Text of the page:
The grim drums of war are starting again around our little land. It is starting to spill over again, and why shouldn’t it? We Lebanese never planned in all our wisdom to fortify ourselves after all the devastation that rendered our country into a pile of ruins. I don’t mean by fortifying ourselves having a huge well-equipped national army (although this might perhaps help), but by talking about our war honestly and openly. Truth and reconciliation were never part of the formula that artificially and partially ended our conflict. Some men with suits (of course only men!) went to the desert, met, and were forced to announce that the war ended. After the famous announcement, we still had checkpoints, guns in every home, on the streets, hate in the hearts, an occupying army, assassinations, but no one seemed to notice. The Taef accord was what ended the war, not us. Not the people who were for years scared of their countrymen and women. The ‘boogie man’ other that they convinced us was embodied by every one of our compatriots who thought and prayed differently. Our enemies were portrayed as our country men and women who wore a different pendant on their chain, who had their holidays on different days of the year, who walked in the streets with or without headscarves, who grew beards or were clean-shaven, who had different stickers on their machine guns, who had recognizable names that defined them and placed them squarely in opposite camps separated by killing fields, and who had their religion portrayed in bold ink on their ID cards, for ease of identification, labeling and at times what they called ‘ID Card executions’. Every man, woman and child in the years that followed that fateful Sunday in April were fair game for fighters of either side if caught in the cross fire, or if they strayed to the other side of the ‘Green Line’ that separated communities, or if their home didn’t have a secure underground shelter to protect them from the falling fire and smoke from the sky, or if the kids went outside to play and mistook the roaring of bombs for approaching thunder, or again if the mothers went on their balconies to hang their washing.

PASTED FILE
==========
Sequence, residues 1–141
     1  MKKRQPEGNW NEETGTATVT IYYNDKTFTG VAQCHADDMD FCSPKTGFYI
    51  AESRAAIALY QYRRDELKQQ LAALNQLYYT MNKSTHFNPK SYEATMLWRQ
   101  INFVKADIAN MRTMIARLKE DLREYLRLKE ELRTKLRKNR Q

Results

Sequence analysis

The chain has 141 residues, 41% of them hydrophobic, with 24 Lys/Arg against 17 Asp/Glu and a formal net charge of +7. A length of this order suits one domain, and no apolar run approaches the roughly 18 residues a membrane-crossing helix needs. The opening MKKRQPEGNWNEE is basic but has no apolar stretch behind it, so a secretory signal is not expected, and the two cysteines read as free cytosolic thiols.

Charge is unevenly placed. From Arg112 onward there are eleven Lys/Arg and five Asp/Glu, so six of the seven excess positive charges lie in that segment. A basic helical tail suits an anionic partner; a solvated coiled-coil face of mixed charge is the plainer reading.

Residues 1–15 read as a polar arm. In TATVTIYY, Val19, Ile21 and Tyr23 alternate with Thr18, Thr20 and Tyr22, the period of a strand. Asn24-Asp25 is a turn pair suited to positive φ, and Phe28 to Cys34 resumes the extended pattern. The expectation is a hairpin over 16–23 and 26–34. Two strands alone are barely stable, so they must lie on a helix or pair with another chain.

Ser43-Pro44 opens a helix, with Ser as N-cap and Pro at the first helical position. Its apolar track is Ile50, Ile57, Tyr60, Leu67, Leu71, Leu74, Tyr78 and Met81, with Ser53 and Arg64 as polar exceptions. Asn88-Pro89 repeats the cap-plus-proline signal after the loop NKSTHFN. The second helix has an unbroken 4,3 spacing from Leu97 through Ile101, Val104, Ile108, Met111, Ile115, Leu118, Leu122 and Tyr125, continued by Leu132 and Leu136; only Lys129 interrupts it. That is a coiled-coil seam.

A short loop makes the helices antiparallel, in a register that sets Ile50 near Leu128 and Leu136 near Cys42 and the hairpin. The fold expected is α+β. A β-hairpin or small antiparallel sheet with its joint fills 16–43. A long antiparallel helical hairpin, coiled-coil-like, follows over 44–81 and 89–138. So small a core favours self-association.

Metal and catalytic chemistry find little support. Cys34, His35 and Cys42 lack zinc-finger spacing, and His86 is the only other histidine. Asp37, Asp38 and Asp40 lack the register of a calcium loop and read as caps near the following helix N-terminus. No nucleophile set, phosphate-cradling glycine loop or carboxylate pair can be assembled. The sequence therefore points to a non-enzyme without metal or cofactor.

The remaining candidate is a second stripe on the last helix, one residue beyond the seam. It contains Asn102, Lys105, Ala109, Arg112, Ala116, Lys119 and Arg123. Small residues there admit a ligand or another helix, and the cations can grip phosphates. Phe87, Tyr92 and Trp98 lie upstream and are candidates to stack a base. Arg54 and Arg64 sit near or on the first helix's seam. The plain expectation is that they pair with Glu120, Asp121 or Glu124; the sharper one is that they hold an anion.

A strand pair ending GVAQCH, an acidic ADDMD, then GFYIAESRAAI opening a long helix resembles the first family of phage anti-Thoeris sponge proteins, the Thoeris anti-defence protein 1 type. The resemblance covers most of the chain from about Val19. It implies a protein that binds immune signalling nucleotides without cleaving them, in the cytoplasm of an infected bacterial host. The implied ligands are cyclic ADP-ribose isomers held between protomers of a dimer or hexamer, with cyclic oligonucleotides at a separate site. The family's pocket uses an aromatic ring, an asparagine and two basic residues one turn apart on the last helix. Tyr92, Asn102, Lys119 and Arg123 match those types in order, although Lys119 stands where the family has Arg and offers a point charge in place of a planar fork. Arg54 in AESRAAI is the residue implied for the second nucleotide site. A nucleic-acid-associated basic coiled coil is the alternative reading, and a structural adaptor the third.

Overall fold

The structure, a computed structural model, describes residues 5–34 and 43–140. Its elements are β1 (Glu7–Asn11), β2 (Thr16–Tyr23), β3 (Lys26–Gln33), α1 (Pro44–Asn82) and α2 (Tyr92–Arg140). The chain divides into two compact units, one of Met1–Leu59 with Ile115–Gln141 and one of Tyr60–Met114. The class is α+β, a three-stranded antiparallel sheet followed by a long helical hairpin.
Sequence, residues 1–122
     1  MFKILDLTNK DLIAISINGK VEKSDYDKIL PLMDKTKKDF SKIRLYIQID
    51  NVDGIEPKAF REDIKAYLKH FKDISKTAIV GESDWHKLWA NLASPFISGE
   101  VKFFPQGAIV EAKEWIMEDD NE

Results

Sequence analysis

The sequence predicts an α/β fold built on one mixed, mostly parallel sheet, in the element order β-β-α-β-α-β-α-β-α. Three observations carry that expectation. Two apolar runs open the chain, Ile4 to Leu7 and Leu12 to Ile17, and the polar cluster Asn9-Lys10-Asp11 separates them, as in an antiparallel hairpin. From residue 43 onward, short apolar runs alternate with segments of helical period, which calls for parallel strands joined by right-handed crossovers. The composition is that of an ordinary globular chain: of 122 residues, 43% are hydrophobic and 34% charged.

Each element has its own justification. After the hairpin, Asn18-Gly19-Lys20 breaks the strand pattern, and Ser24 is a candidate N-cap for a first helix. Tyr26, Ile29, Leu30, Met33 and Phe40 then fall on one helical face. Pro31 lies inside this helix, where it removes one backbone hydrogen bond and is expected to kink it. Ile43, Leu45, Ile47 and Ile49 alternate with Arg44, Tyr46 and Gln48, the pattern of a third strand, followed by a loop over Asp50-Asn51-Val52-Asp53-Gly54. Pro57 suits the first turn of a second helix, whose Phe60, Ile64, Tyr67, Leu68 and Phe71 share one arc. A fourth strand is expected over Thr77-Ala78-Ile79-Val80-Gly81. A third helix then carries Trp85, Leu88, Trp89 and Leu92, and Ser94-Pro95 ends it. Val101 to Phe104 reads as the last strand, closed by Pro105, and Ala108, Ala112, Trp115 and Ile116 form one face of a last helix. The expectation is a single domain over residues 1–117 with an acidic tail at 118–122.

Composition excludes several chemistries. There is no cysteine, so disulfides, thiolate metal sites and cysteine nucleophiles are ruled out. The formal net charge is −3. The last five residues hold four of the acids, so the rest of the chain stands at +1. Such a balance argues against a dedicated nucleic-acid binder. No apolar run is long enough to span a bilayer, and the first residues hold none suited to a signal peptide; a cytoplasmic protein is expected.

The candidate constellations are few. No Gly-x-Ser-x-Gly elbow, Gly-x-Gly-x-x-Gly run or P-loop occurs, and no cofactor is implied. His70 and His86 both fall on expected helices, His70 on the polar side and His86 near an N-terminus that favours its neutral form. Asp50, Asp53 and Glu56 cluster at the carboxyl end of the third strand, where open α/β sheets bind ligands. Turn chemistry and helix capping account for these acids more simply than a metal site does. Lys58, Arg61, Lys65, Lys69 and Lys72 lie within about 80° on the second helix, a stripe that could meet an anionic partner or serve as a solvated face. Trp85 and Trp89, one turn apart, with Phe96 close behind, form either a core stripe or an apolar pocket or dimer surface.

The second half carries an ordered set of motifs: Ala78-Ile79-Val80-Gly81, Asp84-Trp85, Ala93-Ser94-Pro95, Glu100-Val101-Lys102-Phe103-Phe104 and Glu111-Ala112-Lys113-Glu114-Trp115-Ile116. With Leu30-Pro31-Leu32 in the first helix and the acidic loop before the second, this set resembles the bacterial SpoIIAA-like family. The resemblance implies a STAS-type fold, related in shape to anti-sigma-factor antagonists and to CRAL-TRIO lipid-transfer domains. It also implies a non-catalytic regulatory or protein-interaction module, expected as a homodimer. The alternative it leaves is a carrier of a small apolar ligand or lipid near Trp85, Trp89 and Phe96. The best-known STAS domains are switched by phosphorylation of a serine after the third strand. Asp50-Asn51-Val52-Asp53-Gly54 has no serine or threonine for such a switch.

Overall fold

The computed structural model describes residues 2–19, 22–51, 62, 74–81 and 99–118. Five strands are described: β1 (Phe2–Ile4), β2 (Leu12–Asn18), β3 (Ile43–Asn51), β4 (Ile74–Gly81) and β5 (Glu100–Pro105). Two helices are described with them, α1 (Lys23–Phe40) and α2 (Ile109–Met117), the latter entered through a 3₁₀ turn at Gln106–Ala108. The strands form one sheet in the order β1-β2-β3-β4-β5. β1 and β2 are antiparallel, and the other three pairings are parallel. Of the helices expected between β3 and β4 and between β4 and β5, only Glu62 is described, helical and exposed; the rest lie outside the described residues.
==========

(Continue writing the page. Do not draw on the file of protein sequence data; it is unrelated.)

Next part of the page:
You won’t believe this next statement. No war museum exists in the land of the most infamous war of our days. The politicians in Lebanon must have thought it was unnecessary. “A waste of funds”, “It will open the wounds of the past” are the most common excuses for this serious miscalculation. I certainly do not agree with the skewed reasoning and would insist that the curation of witnesses and proof of our collective madness be a national priority. If the new generations do not see, hear, feel and understand what happened, how are they supposed not to repeat the horrors, the hateful fighting and fatal mistakes of their parents and grandparents?